Wednesday, June 26, 2019


Holy Objects

Lucian, On the Syrian Goddess. Edited with Introduction, Translation, and Commentary by J.L. Lightfoot (Oxford: Oxford University Press, 2004), p. 257 (translation of § 16):
There are many signs in the temple that Dionysus is its founder, among them barbarian costume and Indian stones and horns of ivory which Dionysus brought from Aethiopia, and two extremely large phalli standing in the porchways bearing some such inscription as the following: 'I Dionysus dedicated these phalli to my step-mother Hera.' This is enough for me, but I shall mention another of Dionysus' mystic objects in the temple. The Greeks erect phalli for Dionysus, upon which they mount the following sort of thing: little wooden men with large penises. They call these neurospasta. This too is found in the temple: on the right of the sanctuary sits a little bronze man with a large organ.
Greek text (id., p. 256):
καὶ ἔστι πολλὰ ἐν τῷ ἱρῷ Διονύσου ποιητέω σήματα, ἐν τοῖσι καὶ ἐσθῆτες βάρβαροι καὶ λίθοι Ἰνδοὶ καὶ ἐλεφάντων κέρεα, τὰ Διόνυσος ἐξ Αἰθιόπων ἤνεικεν, καὶ φαλλοὶ δὲ ἑστᾶσιν ἐν τοῖσι προπυλαίοισι δύο κάρτα μεγάλοι, ἐπὶ τῶν ἐπίγραμμα τοιόνδε ἐπιγέγραπται, "τούσδε φαλλοὺς Διόνυσος Ἥρῃ μητρυιῇ ἀνέθηκα." {τὸ} ἐμοὶ μέν νυν καὶ τάδε ἀρκέει, ἐρέω δὲ καὶ ἄλλ᾿ ὅ τι ἐστὶν ἐν τῷ νηῷ Διονύσου ὄργιον. φαλλοὺς Ἕλληνες Διονύσῳ ἐγείρουσιν, ἐπὶ τῶν καὶ τοιόνδε τι φέρουσιν, ἄνδρας μικροὺς ἐκ ξύλου πεποιημένους, μεγάλα αἰδοῖα ἔχοντας· καλέεται δὲ τάδε νευρόσπαστα. ἔστι δὲ καὶ τόδε ἐν τῷ ἱρῷ· ἐν δεξιᾷ τοῦ νηοῦ κάθηται μικρὸς ἀνὴρ χάλκεος ἔχων αἰδοῖον μέγα.
Commentary (id., pp. 365-366):
The other link between Lucian's Dionysus and Hierapolis is phallicism. No Greek god is more strongly associated with phallic cult than Dionysus,12 although phalli are known in the cult of Atargatis as well.13 The worship of sacred stones, whether round, egg-shaped, domed, conical, or in the form of pillars, is characteristic of Canaanite, Phoenician, and Punic religion. But the phallus itself is distinctive. In Atargatis' temple in Delos—where phalli are known above all from the sanctuary of Dionysus, with a choregic monument surmounted by a monumental phallus, and several smaller fragments besides—a marble phallus was inscribed and dedicated by a temple-servant, Dionysios.14 An inscription from her temple in Dura also mentions the setting-up of votive phalli.15 In Hierapolis, Dionysus is supposed to have set up two huge φαλλοί 'in the propylaea' and left an inscription on them—in Greek—to say so.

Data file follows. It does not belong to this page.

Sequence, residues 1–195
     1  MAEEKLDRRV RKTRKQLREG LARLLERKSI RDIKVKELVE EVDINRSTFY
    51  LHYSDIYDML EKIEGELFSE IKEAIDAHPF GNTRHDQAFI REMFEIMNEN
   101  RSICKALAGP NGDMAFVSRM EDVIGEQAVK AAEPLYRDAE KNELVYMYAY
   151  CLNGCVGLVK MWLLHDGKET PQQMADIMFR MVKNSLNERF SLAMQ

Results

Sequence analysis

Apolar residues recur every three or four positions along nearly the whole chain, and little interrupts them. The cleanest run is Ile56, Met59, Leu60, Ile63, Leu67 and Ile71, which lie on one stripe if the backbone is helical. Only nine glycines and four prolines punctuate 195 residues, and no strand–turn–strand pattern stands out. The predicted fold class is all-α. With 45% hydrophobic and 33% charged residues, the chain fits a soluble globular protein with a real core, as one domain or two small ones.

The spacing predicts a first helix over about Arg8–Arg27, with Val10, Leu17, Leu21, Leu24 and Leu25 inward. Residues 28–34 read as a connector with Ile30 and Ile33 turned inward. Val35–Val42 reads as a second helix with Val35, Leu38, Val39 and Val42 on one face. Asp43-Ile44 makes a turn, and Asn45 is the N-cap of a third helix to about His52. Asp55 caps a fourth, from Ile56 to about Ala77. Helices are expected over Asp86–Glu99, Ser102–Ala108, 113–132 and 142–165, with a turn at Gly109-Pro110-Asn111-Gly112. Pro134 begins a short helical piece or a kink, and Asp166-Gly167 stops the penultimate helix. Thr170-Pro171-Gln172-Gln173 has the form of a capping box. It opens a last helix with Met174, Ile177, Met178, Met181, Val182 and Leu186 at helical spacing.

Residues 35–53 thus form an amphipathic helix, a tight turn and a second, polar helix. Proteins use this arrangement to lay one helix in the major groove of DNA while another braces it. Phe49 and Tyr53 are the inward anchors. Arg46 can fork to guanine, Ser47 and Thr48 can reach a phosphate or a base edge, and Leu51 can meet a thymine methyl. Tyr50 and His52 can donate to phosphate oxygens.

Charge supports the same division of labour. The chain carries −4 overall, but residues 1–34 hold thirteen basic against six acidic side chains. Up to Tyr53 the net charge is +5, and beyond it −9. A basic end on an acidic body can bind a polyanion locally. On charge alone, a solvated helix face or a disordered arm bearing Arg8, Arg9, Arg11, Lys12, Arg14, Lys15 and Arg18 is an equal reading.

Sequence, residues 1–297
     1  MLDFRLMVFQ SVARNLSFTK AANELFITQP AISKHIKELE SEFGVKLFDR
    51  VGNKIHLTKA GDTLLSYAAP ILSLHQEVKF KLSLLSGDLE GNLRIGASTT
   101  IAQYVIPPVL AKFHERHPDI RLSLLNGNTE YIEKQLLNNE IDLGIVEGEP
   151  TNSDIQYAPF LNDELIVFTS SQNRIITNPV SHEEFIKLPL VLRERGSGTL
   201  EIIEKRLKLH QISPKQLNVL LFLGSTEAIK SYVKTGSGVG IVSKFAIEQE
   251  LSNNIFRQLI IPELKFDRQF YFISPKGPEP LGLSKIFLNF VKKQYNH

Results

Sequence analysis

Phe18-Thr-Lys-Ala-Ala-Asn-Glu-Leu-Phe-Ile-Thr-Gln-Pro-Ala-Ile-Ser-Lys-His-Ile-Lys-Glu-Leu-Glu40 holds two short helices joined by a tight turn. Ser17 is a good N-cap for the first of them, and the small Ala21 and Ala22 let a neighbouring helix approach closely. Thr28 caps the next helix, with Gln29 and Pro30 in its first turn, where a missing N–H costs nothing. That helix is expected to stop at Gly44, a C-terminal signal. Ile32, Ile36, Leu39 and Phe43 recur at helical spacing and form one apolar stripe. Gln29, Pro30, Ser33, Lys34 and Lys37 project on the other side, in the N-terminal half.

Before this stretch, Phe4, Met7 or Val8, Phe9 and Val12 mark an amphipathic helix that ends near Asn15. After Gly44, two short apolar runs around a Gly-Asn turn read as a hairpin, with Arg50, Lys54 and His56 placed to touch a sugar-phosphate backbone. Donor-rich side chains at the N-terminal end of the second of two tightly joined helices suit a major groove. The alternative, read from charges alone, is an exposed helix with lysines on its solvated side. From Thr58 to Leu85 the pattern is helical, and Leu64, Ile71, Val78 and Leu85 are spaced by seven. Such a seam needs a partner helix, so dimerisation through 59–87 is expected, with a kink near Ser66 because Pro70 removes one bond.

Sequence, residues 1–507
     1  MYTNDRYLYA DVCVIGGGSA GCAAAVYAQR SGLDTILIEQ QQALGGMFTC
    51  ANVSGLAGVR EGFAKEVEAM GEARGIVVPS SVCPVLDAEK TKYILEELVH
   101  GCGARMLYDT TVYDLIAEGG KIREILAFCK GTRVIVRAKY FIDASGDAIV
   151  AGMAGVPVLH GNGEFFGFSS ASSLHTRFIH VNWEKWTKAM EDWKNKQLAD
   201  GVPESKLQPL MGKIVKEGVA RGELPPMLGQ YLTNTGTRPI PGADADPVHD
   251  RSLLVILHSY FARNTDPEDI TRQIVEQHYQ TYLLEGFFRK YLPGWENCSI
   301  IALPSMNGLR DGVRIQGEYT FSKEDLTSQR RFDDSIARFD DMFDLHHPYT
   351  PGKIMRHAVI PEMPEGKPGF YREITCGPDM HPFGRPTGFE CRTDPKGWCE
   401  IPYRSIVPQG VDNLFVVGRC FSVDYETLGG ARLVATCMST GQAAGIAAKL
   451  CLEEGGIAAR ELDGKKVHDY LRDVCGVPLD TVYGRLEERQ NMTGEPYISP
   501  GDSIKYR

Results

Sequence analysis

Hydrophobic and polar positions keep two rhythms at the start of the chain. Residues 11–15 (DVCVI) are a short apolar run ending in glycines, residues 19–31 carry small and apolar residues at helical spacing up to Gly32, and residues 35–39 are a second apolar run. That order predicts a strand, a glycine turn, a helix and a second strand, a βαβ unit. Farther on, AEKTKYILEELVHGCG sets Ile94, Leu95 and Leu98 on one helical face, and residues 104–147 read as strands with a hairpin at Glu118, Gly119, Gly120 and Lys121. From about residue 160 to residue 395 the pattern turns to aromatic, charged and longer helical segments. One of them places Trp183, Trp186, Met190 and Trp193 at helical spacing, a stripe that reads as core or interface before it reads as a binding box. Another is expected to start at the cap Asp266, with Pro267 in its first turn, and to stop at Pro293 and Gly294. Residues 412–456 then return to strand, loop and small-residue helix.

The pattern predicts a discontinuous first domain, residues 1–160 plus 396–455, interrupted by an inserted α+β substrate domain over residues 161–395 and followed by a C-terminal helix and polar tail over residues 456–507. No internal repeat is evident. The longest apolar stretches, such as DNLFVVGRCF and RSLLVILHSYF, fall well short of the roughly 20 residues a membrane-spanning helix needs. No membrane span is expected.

12 RE xix (1938), s.v. Phallos, 1701-10 (H. Herter); Csapo, 253-95.

13 A distant link to Canaanite goddesses? The OT mentions the setting-up of an apparently ithyphallic idol in Jerusalem, 1 Kgs. 15:13 and 2 Chron. 15:16; E. Lipiriski, OLP 3 (I972), 113, who connects the Hebrew mipleṣet with the root blṭ, 'protrude', though the latter does not exist in biblical Hebrew. (I thank Dr Holford-Strevens for the suggestion that the Yahwite monotheists, encountering a Canaanite word from a root that did not exist in their own language, adapted it to one that did, namely plṣ, 'shudder', thereby expressing their opinion of the object in question.) LXX has σύνοδος ('coition'), Vulgate simulacrum turpissimum, simulacrum Priapi.

14 IDél 2243; Roussel, 269, 424; Morin, 111-I2, 126-7; Marcadé, 382, 385; Bruneau, 473; Will 1985, 147, pl. xxxix.1. For the choregic monument of Carystius, G.M. Sifakis, Studies in the History of Hellenistic Drama (London, 1967), 8; Bruneau, 298-9 and pl. III.

15 Ϝμτ' Ἀμμώνιος | Ἀπολλοφάνου | ἀνήγειρεν το|ὺς φάλλους ὑ|πὲρ τῆς ἑαυτοῦ | καὶ τέκνων σωτηρίας. The inscription (Seleucid year 346 = AD 34-5) is the second earliest from the site. Ed. M. Rostovtzeff, CRAI 1937, 204; Frye et al., 128-9, no. 1; cf. R. Mouterde, MUSJ 36 (1959), 54; Downey 1977, 174; ill. in Matheson, 133 fig. 11. See too K.W. Slane and M.W. Dickie, Hesperia 62 (1993), 488: 'Their part in the cult of the goddess Atargatis ... has merged with their use as apotropaic devices affording safety.'

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